Last weekend I was able to get the deck painted – and dry before it rained.  The children love the new deck space and the slip resistent paint is wonderful;


Yesterday I added several water play stations around the yard.  Of course for the toddlers water and sponges meant – time to do some cleaning;



We finally got a chance to try out the new mist sprayer that I bought from Rona – love it!!  The children were thrilled that it also creates rainbows (which I couldn’t capture in the picture).


With several water stations there was plenty of opportunity to move toys – and water – from one area to another;


There was a brief issue when one of the containers sprung a leak;


After several attempts to block the hole with rocks and twigs the children came up with this solution;


When the pot filled up it was dumped back into the bin – aptly displaying the ‘We Recycle’ label. 🙂

Water play is such a great way to cool off on a hot summer day.


Removing Mountains

There is a mountain in my yard.  It is the last of the big plastic toys remaining since I began replacing them with more natural, open ended items.  At one time the mountain belonged to my own – now adult – children.  The mountain is about 20 years old;

Small cars are stored in the lid of the mountain and the children occaisionally use the roads and tunnels for driving or parking the cars on.  Back when the mountain used to be an indoor toy that was all it was ever used for.  It took up a lot of space for something that had only one main purpose.  After I moved it outdoors it got used for water and gravel too.

I want to remove the mountain from the yard.  It doesn’t ‘fit’ with the rest of our play space.  We don’t need it. The children drive the cars all over the yard and even build their own roads and bridges with wood and gravel.

They use other – better – tools for moving gravel and water.  I’ve put these pipe halves in the loose parts area for that purpose and the children experiment with them often;

The pipes can accommodate not only cars, gravel, and water but animals as well;

The pipes are not stationary so can be used in various locations as levers to lift and move gravel;

Usually the children need to work together and cooperate to get the result they want;

The other day they tried an Olympic inspired weight lifting event;

Water in the pipes adds another element to expeirment with – and the results are sometimes surprisingly different than when using gravel;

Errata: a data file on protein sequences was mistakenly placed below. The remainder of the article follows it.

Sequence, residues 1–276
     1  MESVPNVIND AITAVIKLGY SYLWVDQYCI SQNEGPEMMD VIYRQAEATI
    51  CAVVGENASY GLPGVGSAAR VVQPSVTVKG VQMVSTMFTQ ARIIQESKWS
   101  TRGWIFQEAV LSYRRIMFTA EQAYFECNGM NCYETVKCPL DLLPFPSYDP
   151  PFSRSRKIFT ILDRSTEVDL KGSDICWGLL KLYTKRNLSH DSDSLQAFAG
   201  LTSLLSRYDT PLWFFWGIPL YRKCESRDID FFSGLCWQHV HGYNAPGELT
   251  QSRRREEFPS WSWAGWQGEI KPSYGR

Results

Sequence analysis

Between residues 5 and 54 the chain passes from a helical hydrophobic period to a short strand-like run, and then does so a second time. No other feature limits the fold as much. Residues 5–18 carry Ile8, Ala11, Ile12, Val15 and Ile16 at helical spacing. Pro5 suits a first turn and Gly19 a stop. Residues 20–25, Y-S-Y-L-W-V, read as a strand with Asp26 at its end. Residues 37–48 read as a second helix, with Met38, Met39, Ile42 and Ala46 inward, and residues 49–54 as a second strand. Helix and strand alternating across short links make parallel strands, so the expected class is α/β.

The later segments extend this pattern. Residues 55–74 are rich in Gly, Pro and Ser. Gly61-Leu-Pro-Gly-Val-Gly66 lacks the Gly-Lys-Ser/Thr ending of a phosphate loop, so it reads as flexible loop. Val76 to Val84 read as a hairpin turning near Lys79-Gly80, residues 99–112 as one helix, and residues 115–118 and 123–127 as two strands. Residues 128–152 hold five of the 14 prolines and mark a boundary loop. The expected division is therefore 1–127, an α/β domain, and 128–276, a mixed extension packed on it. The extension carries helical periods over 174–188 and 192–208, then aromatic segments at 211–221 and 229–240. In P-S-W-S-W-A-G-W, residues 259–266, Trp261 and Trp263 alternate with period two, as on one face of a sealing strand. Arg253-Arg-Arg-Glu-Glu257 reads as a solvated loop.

We don’t need that mountain.  I just need to figure out how to remove it from the yard.  I don’t think I can put it in the recycling bin but maybe I’ll put it on the boulevard for the next give away weekend.

Back to Work

The first week back to work after vacation was very busy.  There have been some periods of adjustment but I think we’re settling into a good routine.  I’ve already written about a few of our activities like the Reno Boxes and the Rona Parts but here is a short recap of the rest of the week.

A mini project from my vacation was the addition of the cat loft.  Mali likes the view from above as the children call her name and wave;

My goal was really just to get the cats’ beds out of the hallway but the cats are thrilled to have a new retreat to relax in;

One of the children made a roller coaster for the toy bugs in the playroom — Mali loved that too, purrr.  I think she missed having the children here to play with.

We had a full day of water activities with five different water stations.  This was the most popular one according to the younger children;

They were making coffee.  The older children preferred the boat locks – experimenting with using the pump to raise and lower the water level to get the boats to their destination.

But by far the favorite activity this week has been watching the leaf cutter bees;

There are two of them that have been diligently working to line their nest with leaves in preparation to lay their eggs.  I believe they are supposed to be solitary bees but both of them have chosen the same crack in a log;

The children have been very observant and have discovered which leaves in the yard are the ones that the bees like best;

And some of them decided to help out by building a ‘bee hive’;


Mud Day 2012

My vacation has officially begun so for the next two weeks it will be very quiet around here – except for the sounds of power tools and the odd bit of ‘language’ that occurs during renovations.  🙂 However, I wanted to first share a few of the highlights of our celebration of International Mud Day.

Of course being the last day before the holidays also meant that 75% of the children were absent but that didn’t stop the rest of us from playing with mud.  First we had a discussion about what ‘international’ means and then we started with dirt — feeling the texture and breaking up lumps;

Then we added the water and mixed;

It is during experiences like this that I miss having an area with lawn to run around on.  Mud and water makes the deck very slippery and we would loose all the mud in the gravel area.  We added a few toys to the mud bin;

And tried shaping and moulding the mud;

There were some cool hand prints;